where the writers are

Writing of THE MODERN GIRL’S HANDBOOK is now under way, so I thought it might be a good time to talk about process.  I know, I know, that word sounds pretentious, but I mean it at the most practical of levels.  I’m not talking so much about how I come up with my ideas—which is a question I get asked almost daily, and never have a good answer for.  I’m always tempted to say I buy my ideas at Costco.  Or maybe Target, which is the only store in the world where you can get underwear and a lawn mower and ideas.  When I talk about process these days, I’m thinking more about the technicalities of writing, or maybe I don’t even mean process, after all.  Maybe I’m talking about routine?

So I’ve taken to hiding out in Starbucks these days, though I used to prefer working at home.  Chalk that up as change #4567 since the baby has been born.  My commute is now a little bit longer (a seven minute walk) and I need to actually get dressed in the mornings.  (Oh the horror of having to button pants on a regular basis! Really? Most people do that EVERY day?) I miss my pajamas terribly and I know the feeling is mutual because when I come home they jump right on me; Seriously, before I even give Elili a kiss hello, they have flung themselves across the room and are humping my legs.  My husband, however, is pleased with the new arrangement, since this means he gets to see me actually wearing—gasp!—makeup.  (Whenever that happens, I always half expect him to say, “Julie? Is that you under there?”)  Anyhow, I assume you do not read this blog to find out about my sartorial choices, particularly because a friend (actually I’m going to put “friend’ in quotes here) once suggested I send in a video of myself for What Not To Wear.  (Mean, right?  And maybe not such a terrible idea...)

So back to process:  I throw on some headphones and put on some classical music, which is my signal that it’s time to stop playing around on Facebook and Twitter and my three email accounts, and it’s time to start writing.  I then open up a bunch of documents: 1) My work in progress, 2) My “editing draft.”  3) My “chapter list.”  4) My “character list.”  5) My “notes.”

My work in progress is exactly what it sounds like—my work to date.  That’s the document where I get to see my book as a whole, and best of all to feel the satisfaction of the accumulation of pages.  After I get to a certain point, say 25 or so pages, I start saving as a new document everyday, so I’ll have on my laptop TMGH 1, TMGH 2, etc., in case I ever need to return to an earlier draft.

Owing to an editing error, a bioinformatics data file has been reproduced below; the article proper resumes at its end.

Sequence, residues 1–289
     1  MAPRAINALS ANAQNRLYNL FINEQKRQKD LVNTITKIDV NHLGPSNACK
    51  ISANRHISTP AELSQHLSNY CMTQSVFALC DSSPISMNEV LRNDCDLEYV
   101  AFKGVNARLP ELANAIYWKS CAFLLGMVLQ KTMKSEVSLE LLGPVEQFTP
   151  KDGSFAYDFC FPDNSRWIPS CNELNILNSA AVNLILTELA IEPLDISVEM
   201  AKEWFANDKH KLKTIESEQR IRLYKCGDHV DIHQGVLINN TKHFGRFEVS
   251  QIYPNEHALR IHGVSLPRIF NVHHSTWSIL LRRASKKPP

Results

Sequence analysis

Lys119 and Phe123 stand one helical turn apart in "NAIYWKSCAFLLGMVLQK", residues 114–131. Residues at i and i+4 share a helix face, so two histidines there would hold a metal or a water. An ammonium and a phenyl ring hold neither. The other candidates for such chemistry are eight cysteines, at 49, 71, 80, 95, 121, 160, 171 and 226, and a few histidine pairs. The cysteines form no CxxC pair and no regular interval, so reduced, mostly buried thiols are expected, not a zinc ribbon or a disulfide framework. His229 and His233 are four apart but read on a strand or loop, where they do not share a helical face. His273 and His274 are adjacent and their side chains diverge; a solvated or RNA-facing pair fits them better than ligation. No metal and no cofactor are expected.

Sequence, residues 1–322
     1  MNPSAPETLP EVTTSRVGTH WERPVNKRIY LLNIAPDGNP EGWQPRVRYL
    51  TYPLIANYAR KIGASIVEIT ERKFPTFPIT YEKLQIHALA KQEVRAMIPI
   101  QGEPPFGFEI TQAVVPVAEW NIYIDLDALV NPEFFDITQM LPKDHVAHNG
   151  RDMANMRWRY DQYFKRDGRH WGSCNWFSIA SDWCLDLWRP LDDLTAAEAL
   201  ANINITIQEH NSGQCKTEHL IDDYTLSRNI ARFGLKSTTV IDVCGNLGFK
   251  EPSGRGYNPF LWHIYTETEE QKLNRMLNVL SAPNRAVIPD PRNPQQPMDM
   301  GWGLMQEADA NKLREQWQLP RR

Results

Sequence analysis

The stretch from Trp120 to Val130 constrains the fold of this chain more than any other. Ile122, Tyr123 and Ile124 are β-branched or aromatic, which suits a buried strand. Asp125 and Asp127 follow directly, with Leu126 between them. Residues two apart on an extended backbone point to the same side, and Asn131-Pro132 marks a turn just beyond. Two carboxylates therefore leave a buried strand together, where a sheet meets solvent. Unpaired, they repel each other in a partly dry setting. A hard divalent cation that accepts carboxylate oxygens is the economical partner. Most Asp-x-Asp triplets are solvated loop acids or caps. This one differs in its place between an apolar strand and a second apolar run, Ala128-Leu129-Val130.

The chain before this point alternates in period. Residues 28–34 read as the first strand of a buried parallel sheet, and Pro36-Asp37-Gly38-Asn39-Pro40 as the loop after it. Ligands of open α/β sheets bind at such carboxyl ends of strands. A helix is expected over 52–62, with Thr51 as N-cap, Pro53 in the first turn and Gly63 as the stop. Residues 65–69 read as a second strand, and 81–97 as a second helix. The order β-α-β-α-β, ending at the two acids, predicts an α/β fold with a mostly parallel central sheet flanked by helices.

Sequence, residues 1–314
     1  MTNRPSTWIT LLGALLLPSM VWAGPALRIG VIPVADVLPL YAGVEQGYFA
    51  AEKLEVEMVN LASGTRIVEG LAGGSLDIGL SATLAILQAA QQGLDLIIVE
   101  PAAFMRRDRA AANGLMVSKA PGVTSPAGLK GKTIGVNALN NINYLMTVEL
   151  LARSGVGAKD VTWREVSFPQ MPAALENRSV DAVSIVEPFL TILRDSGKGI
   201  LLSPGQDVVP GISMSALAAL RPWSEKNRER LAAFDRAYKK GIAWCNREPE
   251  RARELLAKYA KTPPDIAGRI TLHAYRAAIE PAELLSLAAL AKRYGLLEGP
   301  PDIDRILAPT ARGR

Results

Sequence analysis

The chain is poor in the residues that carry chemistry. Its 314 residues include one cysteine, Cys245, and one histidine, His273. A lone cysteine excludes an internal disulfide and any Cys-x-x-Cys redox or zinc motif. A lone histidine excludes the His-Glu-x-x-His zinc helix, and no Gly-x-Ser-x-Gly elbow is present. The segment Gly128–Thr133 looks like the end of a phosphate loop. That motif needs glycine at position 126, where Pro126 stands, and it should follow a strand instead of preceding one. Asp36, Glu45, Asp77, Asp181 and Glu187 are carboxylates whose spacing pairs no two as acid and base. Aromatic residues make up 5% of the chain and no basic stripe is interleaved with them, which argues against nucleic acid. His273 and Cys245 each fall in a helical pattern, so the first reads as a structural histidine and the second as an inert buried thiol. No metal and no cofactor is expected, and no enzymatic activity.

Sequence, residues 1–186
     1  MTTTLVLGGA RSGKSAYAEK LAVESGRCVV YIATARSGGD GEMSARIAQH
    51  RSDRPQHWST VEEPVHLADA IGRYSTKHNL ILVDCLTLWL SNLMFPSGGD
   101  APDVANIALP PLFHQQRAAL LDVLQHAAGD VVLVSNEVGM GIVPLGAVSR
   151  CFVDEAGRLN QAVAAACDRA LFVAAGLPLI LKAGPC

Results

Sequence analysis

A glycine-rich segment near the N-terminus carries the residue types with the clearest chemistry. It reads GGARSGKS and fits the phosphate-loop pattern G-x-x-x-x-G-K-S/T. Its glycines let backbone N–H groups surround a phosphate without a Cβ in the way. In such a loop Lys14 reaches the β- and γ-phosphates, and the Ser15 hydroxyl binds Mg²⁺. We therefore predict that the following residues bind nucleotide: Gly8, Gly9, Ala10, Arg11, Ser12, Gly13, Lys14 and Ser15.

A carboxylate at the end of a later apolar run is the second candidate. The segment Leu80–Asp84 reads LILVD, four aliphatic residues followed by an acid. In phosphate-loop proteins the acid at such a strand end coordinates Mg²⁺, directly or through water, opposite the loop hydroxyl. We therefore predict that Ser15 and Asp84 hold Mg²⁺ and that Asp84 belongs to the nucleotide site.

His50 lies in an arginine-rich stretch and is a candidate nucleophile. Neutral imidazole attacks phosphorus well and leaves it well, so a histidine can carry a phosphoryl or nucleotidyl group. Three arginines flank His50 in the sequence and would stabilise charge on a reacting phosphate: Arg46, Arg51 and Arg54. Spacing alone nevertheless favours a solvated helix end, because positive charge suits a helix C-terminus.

My “editing draft,” on the other hand, is really my garbage pail—it’s where I put all the stuff I cut.  Most of the time, when I dump a couple of paragraphs or sometimes whole chapters in there, they’ll never see the light of day.  Occasionally, however, that draft comes in handy for a description or an idea that was just in the wrong place.  Maybe the reader will be interested in the paragraph I wrote about Charlotte’s childhood obsession with LITTLE WOMEN, but not necessarily in Chapter Two.  I also use it to trick myself into cutting some of the stuff that just doesn’t belong in the book.  If I keep it alive in the halfway house of my “editing draft,” I can fool myself that it’s not work wasted.  But, of course, wasting work is all part of the process, and this time I actually mean that in the pretentious sense of the word. (Sorry.)  Oddly enough, my editing draft sometimes ends up almost as long as my actual manuscript.  You know the expression you have to have money to make money? Well, I think you have to have lots and lots of sentences to make sentences.

My chapter list is pretty self explanatory—just a list and description of each chapter as I write—but I find it a helpful way, especially now that I have dual narratives, to keep track of plot. It gives me a meta view, and shows whether I’m creating a natural arc.  The character list, even more mundane, is the place I keep track of character detail.  I’m pretty lazy about this one, particularly because I hope I have each of my characters sufficiently stored in my mind’s eye by the time I start writing, but I think it’s good practice to keep it going, nonetheless.

And lastly, my notes, which may be my most important document next to the actual manuscript.  This is my writer’s notebook.  I have, of course, a bunch of actual notebooks scattered around the house for when inspiration hits and I don’t have my laptop handy, but often while I’m writing, this is where I pose questions to myself, or jot down my ideas.  To an outside reader, it probably looks a lot like jibberish. It’s filled with vague phrases like “Charlotte’s relationship with money” or “Bernie hat symbol.” When I read it, though, I see a future novel.

So, that’s how my sausage is made.  Or at least my first draft.  But there are a million ways to write a novel, so if there are any other writers reading this, I’d love to hear about your process in the comments. Any suggestions? Do you buy your final drafts at Costco?  And tell me the truth: do you take the time to put on proper pants?